An uneasy calm has returned to Kisumu after the killing of local businessman-cum-politician Shem Onyango ‘Kwega’ sparked three days of rioting last week.
The police, in particular, have come under sharp criticism for their failure to contain the wave of crime.
Two days after gunmen shot and killed Mr Onyango, another businessman, Mr Fanuel Marwa, was killed at Mamboleo on the Kisumu-Kakamega road.
It was the third high-profile killing in the town in a week following the hacking to death of Dr Joseph Odhiambo, a Centres for Disease Control (CDC) researcher, by suspected thugs.
Residents say incidents of car-jacking, robbery and homicide have been on the rise in Kisumu.
They say Migosi, Kenya Re, Car Wash, Gudka and Kondele estates are crime hot spots. But Nyanza provincial police boss Joseph ole Tito denies that there is an upsurge of crime in the town.
Mr Ole Tito instead blames the problem on the shortage of police officers.
“It is unfortunate that lives are lost in our presence, but because of a limited number of police officers we are not able to cover all the areas where the assailants have gone into hiding,” he says.
That a new police post was being set up at upper Migosi is an indication that criminal gangs had a strong presence there, he said.
“The Car Wash Police Post had only five policemen, but since last month I added five more so they should be able to deal with the wave of crime in the area,” Mr Ole Tito said.
Another police post will be put up in the Car Wash area on the way to Kibos, which is another hot spot for carjacking, he said.
What should be more worrying for residents and police are reports linking the deteriorating security situation to the activities of organised criminal gangs. The operations of the gangs are being compared to those of the Mungiki in Nairobi, Central and Rift Valley provinces.
Like Mungiki, the Kisumu gangs have a presence in the public transport business, especially at the bus park where they collect levies from operators as “protection” fee.
The gangs also thrive by extorting money from the numerous boda boda (bicyle/motorcyle taxi) operators.
The havoc wreaked by the gangs is being felt in Nyalenda where motorists are said to have abandoned the route because of constant attempts at extortion.
Mr Kevin Ouma, a public transport operator, says he was forced to change routes because of crime.
“I realised that a huge chunk of my collections were going to them,” he says. They have extended their tentacles to the small shops that mostly deal in counterfeit Chinese goods popular locally as ‘exhibitions’ or stalls, car and land buying businesses, and fake money minting called ‘wash-wash’.
The more successful gang members live flashy lifestyles, driving around town in expensive cars and living in the upmarket estates. Mr Audi Ogada, the chairman of Kisumu Residents Association, says, adding that the gangs are largely responsible for the deteriorating security situation here.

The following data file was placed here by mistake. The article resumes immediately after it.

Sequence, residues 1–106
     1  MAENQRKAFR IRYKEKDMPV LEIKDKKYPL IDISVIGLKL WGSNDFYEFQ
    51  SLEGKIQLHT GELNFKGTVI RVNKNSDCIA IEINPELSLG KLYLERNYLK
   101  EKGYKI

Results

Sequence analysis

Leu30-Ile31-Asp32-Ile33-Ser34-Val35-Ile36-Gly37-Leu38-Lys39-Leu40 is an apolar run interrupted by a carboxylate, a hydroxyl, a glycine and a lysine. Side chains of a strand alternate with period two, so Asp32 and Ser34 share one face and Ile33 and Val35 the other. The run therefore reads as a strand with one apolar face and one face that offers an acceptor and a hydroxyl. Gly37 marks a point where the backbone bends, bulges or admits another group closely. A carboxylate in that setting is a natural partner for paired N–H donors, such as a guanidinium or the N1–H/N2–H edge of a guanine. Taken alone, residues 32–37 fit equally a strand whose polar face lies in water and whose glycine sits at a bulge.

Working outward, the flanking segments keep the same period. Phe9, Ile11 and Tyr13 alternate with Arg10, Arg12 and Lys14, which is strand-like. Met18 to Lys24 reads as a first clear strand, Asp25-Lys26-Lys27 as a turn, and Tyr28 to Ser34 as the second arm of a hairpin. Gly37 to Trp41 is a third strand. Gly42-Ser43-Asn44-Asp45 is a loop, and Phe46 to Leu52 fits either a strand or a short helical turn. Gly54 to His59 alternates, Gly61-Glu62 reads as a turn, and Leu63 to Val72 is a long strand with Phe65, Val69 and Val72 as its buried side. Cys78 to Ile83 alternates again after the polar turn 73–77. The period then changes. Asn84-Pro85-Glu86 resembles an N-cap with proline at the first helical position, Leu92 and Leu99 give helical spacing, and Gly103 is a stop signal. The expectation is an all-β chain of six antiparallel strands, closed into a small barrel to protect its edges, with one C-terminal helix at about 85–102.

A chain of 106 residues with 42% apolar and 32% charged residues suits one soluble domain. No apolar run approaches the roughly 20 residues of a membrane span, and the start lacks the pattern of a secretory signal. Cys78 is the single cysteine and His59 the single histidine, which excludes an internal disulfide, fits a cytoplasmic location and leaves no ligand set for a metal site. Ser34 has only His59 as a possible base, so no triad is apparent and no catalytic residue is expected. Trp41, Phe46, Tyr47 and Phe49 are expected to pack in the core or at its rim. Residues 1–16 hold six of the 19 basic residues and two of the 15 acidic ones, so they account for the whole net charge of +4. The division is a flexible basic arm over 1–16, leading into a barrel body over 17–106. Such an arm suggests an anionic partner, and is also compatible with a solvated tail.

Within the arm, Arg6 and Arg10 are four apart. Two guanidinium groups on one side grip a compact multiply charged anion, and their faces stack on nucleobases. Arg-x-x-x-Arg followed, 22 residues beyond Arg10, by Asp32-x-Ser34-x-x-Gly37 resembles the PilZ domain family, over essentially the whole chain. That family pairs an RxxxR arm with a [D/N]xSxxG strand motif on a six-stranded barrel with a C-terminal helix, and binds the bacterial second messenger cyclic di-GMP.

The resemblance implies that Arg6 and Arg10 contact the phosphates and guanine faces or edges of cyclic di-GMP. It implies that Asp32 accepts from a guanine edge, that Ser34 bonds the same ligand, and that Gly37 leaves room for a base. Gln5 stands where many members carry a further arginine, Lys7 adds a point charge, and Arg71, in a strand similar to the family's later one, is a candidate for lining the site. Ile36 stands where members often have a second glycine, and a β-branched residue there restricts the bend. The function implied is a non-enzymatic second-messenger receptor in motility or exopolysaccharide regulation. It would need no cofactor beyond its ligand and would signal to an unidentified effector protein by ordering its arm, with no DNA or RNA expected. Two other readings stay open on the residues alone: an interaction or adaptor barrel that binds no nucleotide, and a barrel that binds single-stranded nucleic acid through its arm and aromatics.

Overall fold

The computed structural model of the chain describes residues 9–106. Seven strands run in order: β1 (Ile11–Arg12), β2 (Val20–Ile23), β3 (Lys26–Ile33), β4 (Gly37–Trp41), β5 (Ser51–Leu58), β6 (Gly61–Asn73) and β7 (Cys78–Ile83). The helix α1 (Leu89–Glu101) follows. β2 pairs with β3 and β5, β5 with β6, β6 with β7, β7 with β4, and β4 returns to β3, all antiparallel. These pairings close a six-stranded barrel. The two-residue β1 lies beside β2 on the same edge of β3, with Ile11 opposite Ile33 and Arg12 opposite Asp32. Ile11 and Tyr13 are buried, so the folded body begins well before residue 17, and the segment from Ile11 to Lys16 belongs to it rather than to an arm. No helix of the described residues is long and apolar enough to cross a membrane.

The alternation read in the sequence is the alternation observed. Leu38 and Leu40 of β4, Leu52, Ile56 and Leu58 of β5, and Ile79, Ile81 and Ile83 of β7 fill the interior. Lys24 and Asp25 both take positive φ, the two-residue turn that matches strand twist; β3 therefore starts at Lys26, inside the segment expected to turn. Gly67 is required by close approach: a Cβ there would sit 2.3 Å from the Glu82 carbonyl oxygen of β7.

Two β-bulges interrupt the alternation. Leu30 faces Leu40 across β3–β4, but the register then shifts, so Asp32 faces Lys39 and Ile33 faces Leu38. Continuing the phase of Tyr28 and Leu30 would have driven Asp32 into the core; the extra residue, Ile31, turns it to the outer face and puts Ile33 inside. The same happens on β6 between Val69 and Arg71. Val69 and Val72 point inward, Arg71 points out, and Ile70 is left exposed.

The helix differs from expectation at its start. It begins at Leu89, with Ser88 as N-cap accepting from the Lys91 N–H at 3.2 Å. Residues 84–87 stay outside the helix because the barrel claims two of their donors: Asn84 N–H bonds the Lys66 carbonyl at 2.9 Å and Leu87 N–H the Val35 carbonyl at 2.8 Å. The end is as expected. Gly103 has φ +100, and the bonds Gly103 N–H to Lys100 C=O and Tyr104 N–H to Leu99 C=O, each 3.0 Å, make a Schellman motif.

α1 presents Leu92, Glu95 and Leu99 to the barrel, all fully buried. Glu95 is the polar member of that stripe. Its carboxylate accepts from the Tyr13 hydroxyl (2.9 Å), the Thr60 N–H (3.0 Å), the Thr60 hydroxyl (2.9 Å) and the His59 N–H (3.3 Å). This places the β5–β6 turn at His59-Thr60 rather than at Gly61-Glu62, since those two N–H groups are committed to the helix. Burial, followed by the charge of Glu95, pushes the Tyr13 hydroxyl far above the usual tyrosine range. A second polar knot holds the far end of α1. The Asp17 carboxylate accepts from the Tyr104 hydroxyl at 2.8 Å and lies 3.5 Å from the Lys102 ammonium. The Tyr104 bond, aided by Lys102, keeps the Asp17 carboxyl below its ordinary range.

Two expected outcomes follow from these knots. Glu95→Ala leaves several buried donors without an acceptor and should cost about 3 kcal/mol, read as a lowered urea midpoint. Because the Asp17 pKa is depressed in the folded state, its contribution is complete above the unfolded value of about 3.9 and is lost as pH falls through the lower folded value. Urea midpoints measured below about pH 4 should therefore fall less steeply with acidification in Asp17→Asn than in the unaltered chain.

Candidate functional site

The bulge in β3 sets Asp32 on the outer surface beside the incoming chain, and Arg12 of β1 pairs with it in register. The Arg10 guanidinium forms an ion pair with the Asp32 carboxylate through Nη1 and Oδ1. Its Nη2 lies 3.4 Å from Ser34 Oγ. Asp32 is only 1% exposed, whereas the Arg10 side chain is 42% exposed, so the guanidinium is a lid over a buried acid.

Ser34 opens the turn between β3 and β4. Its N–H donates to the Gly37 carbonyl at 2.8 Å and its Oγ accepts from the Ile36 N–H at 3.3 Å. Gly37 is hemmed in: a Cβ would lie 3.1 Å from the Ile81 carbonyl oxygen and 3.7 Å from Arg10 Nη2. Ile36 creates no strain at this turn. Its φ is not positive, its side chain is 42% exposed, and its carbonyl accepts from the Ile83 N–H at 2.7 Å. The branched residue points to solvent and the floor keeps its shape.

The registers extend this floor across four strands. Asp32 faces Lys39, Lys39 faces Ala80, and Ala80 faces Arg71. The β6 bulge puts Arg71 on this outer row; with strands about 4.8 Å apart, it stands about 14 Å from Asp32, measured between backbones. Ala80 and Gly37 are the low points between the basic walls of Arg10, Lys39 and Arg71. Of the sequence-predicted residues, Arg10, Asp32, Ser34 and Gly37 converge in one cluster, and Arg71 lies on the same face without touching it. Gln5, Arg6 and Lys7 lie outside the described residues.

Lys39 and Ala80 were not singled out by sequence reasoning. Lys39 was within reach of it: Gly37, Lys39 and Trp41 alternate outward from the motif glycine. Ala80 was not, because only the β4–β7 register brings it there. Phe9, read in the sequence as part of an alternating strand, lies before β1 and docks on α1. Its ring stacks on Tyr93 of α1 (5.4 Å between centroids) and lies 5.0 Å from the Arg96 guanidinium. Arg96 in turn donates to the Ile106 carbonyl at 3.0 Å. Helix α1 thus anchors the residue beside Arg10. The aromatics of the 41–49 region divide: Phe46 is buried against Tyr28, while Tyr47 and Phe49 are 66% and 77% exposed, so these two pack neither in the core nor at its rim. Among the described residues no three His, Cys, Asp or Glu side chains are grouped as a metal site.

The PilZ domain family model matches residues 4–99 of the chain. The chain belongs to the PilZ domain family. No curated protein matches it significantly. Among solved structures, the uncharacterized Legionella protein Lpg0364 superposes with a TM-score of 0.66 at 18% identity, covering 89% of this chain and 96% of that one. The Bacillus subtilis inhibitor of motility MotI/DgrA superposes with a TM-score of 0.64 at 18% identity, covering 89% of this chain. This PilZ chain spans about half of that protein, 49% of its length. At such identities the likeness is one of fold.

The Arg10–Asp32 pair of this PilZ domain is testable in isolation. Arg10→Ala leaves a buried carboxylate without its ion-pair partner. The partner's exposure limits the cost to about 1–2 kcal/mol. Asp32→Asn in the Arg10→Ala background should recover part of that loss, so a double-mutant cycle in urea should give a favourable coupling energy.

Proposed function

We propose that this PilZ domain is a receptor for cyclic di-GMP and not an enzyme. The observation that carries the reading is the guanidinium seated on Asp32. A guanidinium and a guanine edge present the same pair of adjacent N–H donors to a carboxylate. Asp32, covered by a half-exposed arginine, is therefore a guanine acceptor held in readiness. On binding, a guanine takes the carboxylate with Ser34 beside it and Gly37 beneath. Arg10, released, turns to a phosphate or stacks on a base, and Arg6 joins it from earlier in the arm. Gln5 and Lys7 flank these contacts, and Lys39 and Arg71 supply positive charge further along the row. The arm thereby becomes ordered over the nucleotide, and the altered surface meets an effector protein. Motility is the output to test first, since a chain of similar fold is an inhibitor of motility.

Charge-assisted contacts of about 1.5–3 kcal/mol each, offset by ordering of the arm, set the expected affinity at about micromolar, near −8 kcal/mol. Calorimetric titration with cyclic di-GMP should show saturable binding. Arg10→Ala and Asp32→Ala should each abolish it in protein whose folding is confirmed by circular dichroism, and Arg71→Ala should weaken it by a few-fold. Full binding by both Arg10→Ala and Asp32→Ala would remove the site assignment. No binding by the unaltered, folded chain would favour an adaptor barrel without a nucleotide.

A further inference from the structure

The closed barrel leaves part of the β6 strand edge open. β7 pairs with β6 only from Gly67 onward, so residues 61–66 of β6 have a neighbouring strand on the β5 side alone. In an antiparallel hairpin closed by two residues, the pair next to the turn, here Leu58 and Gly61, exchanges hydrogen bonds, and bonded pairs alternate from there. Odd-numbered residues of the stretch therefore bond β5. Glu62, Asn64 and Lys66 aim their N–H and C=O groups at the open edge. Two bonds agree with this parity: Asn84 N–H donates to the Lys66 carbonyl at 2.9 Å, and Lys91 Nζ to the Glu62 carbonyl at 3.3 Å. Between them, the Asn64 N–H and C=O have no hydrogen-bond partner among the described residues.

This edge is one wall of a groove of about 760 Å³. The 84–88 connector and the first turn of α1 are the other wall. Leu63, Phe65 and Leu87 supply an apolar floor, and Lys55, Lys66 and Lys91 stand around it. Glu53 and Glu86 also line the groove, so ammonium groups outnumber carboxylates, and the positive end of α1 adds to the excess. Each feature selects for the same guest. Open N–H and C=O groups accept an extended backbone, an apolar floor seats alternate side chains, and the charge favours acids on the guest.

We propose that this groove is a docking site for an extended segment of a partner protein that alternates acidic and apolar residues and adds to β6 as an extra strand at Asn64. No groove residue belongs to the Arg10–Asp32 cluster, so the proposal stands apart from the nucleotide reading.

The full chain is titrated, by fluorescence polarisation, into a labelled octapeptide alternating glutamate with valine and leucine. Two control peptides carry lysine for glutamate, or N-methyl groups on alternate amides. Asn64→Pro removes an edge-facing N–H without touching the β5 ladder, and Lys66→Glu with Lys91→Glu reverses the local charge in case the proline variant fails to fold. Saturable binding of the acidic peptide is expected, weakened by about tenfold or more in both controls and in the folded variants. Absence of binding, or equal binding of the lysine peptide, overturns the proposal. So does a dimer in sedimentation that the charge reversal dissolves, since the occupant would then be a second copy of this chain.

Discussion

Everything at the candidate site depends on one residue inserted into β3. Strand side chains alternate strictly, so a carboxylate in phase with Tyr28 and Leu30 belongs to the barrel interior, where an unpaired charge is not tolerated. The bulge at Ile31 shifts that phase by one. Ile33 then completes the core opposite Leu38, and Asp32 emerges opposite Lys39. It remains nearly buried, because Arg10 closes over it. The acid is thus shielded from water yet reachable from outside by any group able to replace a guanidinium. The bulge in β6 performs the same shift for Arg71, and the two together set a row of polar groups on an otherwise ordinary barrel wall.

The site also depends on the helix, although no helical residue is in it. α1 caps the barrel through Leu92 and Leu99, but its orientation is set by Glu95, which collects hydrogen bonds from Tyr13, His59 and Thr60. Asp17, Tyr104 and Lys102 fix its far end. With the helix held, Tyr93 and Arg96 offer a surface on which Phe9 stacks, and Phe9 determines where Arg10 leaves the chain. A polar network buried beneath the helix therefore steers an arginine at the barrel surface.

“They man various territories that are coded as ‘barracks’ and their word is law there,” Mr Ogada said.
Some of the ‘barracks’ are on Ring Road or in Kondele, Nyalenda, Angola Musumbiji, Car Wash and Somalia.
In addition to extortion, they seek handouts from politicians and other people looking for hirelings for various tasks.
“If say you want 1,000 youths for a given task, legal or not, the ‘barracks’ will promptly give you so long as you oil their palms,” says Mr Ogada.
The gangs are thought to have their roots in the volatile political turf wars of the 1990s when the then ruling party Kanu and the opposition mobilised youths to bolster their respective campaigns or protect their perceived strongholds.
The most notorious of the groups was the Baghdad Boys which had its base in Kondele area.
The new versions of Baghdad Boys — American Marines and China Squad — were recently engaged in running street battles linked to the control of the bus park. Mr Ogada, who was a member of Baghdad Boys, says politicians still use such groups to do dirty campaign jobs.
“Do not be cheated. All the aspirants for various seats in town have met them or their representatives and agreed to do one thing or the other for them in exchange for their support and protection,” he says.
Mr Collins Ong’wen, another former member of the Bagdad Boys, says the current gangs are driven by the desire to control resources as opposed to the past when they were largely foot soldiers for politicians.
“The tussle between the two gangs largely revolves around economics; they want to have a say on stalls, bus park and other business ventures like land buying,” says Mr Ong’wen, who leads Bafope (Bagdad for Peace), a group that is rehabilitating former Bagdad Boys.
Both Mr Ogada and Mr Ong’wen blame the police for abetting crime in the town.
“The gangs brag in broad daylight that they have ‘pocketed’ the security agencies in town. The laxity with which the police deal with them gives some credence to this,” says Mr Ong’wen.
They say that what makes the current groups dangerous is the fact that some of their members are armed.
“Their leaders have guns. We do not know whether they are licensed or not, but we are wondering why they should possess guns,” Mr Ogada said.
Kisumu East District Commissioner Willy Cheboi says there are indications that small arms could indeed be in the wrong hands.